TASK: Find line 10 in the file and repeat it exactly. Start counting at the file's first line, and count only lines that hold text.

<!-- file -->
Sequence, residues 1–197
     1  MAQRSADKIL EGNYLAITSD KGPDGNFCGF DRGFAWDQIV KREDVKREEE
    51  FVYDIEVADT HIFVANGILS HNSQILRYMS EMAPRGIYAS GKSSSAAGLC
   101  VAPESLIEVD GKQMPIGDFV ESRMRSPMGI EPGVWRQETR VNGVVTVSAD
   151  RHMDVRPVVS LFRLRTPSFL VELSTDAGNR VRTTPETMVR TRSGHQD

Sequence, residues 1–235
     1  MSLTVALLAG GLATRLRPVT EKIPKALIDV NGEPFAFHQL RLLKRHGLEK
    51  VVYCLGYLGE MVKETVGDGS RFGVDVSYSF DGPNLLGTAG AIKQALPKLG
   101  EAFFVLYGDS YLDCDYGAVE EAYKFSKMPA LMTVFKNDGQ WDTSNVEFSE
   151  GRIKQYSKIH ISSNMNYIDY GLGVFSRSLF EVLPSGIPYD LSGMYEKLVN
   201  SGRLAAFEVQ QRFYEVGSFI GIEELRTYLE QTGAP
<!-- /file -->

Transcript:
   151  GRIKQYSKIH ISSNMNYIDY GLGVFSRSLF EVLPSGIPYD LSGMYEKLVN